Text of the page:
Funding for the report came both from the Makah tribe and the Puget Sound Partnership.
Reporter Jeremy Schwartz can be reached at 360-452-2345, ext. 5074, or at email@example.com.
SEATTLE — The number of oil tankers in Washington state waters could increase almost sevenfold under a proposal by a Canadian pipeline company to expand the amount of crude oil it sends to the Pacific Coast.
The Makah Nation is among the entities studying the risk to the Strait of Juan de Fuca.
Kinder Morgan Canada filed a formal application with Canadian regulators earlier this month to expand its Trans Mountain pipeline that carries crude oil from Alberta’s oil sands to the Vancouver, B.C., area.
Under the proposal, up to 34 tankers a month would be loaded with oil at a terminal outside Vancouver, then generally travel through Haro Strait west of San Juan Island and the Strait of Juan de Fuca for export to markets in Asia and the U.S.
That’s up from about five tankers a month now.
The $5.4 billion expansion project would nearly triple pipeline capacity from about 300,000 to 890,000 barrels of crude oil a day to meet customer demand.
Much of that future cargo will likely be diluted bitumen from Canada’s oil sands.
Environmental groups in the U.S. and Canada oppose the project, saying it would put communities and natural resources at risk.
They say more tanker traffic raises the potential for a major oil spill or leaks.
“Putting more vessels on the water creates tremendous new risks, and risks we’re not really prepared to deal with adequately,” said Bruce Wishart, a policy adviser with the Washington Environmental Council.
“We don’t want to see more of this product moving across our waters.”
The company says it has been responsibly loading tankers and barges from the Westridge terminal for decades without incident.
Michael Davies, senior director of marine development for Kinder Morgan Canada, said in a statement the company has “clearly heard and understood the concerns raised about tanker traffic.”
He added: “We have been safely loading vessels for more than 50 years and have recommended further enhancements to marine safety and spill response in our application to ensure the local level of care and safety is well above global shipping standards.”
If approved, the expansion is expected to be operational in late 2017. The pipeline is operated by Kinder Morgan Canada and owned by Houston-based Kinder Morgan Energy Partners LP.
About 6,000 large commercial vessels transit Canadian and U.S. waters toward Vancouver or Washington ports each year.
Two other proposed projects also are expected to increase cargo vessel traffic in the Salish Sea region.
They include the Gateway Pacific coal-export terminal proposed at Cherry Point, which could add up to 487 cargo ships a year, and the proposed expansion at Deltaport at Roberts Bank in Delta, B.C.
Meanwhile, officials in Washington state are trying to anticipate how those proposals could change vessel traffic in north Puget Sound and what that means for spill risks.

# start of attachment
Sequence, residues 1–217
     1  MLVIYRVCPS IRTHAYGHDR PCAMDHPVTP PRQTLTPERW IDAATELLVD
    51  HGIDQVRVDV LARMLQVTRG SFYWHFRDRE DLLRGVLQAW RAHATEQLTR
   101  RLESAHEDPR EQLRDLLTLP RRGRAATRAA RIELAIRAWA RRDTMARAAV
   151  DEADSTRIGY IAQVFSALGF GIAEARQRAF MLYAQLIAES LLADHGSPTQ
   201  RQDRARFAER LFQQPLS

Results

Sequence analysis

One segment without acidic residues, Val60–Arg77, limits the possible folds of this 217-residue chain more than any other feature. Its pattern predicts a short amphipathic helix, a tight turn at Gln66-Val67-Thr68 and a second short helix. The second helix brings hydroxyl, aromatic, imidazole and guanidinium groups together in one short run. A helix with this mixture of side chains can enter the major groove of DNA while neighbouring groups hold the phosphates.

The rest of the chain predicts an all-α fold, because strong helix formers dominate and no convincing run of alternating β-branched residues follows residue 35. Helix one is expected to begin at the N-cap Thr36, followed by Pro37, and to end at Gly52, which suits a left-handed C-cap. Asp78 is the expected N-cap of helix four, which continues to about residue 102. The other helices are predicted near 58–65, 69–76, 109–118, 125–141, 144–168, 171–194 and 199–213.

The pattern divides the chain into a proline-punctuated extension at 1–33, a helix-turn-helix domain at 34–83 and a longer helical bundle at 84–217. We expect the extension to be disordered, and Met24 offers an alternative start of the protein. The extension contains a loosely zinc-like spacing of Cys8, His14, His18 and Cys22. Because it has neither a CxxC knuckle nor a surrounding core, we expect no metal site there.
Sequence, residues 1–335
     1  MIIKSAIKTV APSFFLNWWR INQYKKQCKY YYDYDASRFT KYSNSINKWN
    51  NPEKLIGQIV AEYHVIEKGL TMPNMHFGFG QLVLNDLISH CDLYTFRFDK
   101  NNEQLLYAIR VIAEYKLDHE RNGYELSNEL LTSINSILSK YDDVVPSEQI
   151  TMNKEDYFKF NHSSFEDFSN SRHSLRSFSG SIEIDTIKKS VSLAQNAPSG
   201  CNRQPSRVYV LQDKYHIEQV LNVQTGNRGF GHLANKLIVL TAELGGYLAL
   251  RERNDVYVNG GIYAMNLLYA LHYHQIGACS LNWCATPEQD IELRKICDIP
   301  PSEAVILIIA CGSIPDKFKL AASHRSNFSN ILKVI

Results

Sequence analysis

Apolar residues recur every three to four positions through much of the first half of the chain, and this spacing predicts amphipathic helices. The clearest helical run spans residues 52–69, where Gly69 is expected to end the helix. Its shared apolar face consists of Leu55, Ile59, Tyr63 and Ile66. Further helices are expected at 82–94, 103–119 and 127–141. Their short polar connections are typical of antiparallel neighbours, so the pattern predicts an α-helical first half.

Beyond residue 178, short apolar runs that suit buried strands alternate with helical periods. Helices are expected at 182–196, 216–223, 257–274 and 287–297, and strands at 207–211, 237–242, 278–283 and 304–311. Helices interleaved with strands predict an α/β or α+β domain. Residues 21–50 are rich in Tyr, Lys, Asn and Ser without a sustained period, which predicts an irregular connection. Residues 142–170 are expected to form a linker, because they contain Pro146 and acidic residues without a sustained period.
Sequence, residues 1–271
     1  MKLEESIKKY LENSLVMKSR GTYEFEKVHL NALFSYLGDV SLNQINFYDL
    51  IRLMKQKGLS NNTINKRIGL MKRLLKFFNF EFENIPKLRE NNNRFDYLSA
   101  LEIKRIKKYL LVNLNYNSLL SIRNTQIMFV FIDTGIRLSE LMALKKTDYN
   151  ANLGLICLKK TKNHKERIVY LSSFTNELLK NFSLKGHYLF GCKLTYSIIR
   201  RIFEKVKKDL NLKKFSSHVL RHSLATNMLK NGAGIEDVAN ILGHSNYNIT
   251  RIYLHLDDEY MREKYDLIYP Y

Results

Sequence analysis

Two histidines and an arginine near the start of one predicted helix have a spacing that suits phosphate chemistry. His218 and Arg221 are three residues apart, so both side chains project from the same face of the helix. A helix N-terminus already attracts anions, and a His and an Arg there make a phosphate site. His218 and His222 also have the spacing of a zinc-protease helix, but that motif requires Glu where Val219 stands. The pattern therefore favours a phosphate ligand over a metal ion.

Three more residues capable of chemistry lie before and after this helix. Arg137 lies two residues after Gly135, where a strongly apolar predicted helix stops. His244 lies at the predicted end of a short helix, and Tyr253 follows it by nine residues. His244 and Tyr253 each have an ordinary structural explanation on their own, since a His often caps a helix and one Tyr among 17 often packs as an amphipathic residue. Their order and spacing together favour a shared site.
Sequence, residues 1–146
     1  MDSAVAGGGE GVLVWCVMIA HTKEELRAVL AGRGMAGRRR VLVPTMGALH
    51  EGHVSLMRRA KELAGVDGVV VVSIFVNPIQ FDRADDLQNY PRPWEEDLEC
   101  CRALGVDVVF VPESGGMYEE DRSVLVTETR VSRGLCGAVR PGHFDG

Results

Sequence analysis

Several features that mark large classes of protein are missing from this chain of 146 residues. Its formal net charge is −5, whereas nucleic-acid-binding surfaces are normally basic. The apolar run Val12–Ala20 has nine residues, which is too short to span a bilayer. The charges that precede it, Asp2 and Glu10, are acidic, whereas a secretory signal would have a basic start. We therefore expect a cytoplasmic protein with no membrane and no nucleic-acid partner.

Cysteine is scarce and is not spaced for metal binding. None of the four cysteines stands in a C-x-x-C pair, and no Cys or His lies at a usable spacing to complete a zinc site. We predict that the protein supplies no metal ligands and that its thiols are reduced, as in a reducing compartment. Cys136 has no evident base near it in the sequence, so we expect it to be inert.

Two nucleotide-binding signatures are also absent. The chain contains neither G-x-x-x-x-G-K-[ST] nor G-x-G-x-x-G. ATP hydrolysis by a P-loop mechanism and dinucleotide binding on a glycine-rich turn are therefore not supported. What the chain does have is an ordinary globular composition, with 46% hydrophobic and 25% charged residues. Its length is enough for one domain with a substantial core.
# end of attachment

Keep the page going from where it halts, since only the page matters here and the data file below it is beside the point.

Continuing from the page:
The Puget Sound Partnership, the Makah Nation and others are working with researchers at George Washington University to study different risk scenarios.
“For more than two decades we’ve had a great track record of maritime safety and we want to continue that success,” said Todd Hass with the Puget Sound Partnership.
“In the face of a number projects that could add hundreds of vessels arriving in the system, we want to make sure we anticipate the changes that might occur and plan.”
Some marine officials say increased vessels can be managed.
“Safeguards are in place. They may have to be tweaked. Some folks think it’s a heavily congested waterway. There aren’t many vessels out there,” said John Veentjer, a former Coast Guard officer who heads the Puget Sound Harbor Safety Committee.
“If those projects were to be built, there would be more vessels. Can we manage those numbers? Sure,” he said. “I think it’s going to take some additional vessel traffic management effort, but it’s not something out of our reach.”
Fred Felleman, Northwest consultant for Friends of the Earth, said Canadian officials haven’t done enough to ensure they can adequately respond to spills in waters it shares with the U.S.
“They haven’t taken enough steps to prevent and respond to the size of a spill such traffic would generate,” he said.
Linda Pilkey-Jarvis, manager of the Department of Ecology’s spills preparedness section, said various efforts are underway to identify and align spill preparedness standards between the U.S. and Canada.
When the state updated its contingency plan last year, it required the industry to include response equipment to locate oil in the water column.
That was in response to some emerging proposals, such as the Kinder Morgan pipeline expansion, she said.
“There’s work to be done, but we’re not completely unprepared,” she said.
The Vancouver Sun
VANCOUVER — A U.S. study that takes a wider examination than Canadian research into oil spill risks in the Salish Sea shows the greatest potential increase in spills is off the San Juan and Gulf Islands. The potential for oil spills in the Haro Strait-Boundary Pass passage increases by 4.75 times as a result of the anticipated increase of 1,250 large ships annually from three planned projects in the waters shared by British Columbia and Washington state, according to the draft findings of a U.S. Environmental Protection Agency-funded study.